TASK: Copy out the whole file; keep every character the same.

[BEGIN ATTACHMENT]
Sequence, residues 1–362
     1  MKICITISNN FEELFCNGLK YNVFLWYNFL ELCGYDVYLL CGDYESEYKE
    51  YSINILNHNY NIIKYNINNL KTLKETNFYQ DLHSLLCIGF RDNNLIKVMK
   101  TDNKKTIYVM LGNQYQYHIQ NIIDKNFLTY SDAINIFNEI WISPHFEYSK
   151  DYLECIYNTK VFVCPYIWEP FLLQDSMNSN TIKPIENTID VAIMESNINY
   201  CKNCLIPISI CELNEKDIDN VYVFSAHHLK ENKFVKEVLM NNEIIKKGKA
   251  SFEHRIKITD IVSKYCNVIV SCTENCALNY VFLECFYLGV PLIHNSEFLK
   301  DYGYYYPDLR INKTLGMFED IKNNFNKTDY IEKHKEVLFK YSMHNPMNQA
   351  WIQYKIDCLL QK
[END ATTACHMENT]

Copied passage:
Sequence, residues 1–362
     1  MKICITISNN FEELFCNGLK YNVFLWYNFL ELCGYDVYLL CGDYESEYKE
    51  YSINILNHNY NIIKYNINNL KTLKETNFYQ DLHSLLCIGF RDNNLIKVMK
   101  TDNKKTIYVM LGNQYQYHIQ NIIDKNFLTY SDAINIFNEI WISPHFEYSK
   151  DYLECIYNTK VFVCPYIWEP FLLQDSMNSN TIKPIENTID VAIMESNINY
   201  CKNCLIPISI CELNEKDIDN VYVFSAHHLK ENKFVKEVLM NNEIIKKGKA
   251  SFEHRIKITD IVSKYCNVIV SCTENCALNY VFLECFYLGV PLIHNSEFLK
   301  DYGYYYPDLR INKTLGMFED IKNNFNKTDY IEKHKEVLFK YSMHNPMNQA
   351  WIQYKIDCLL QK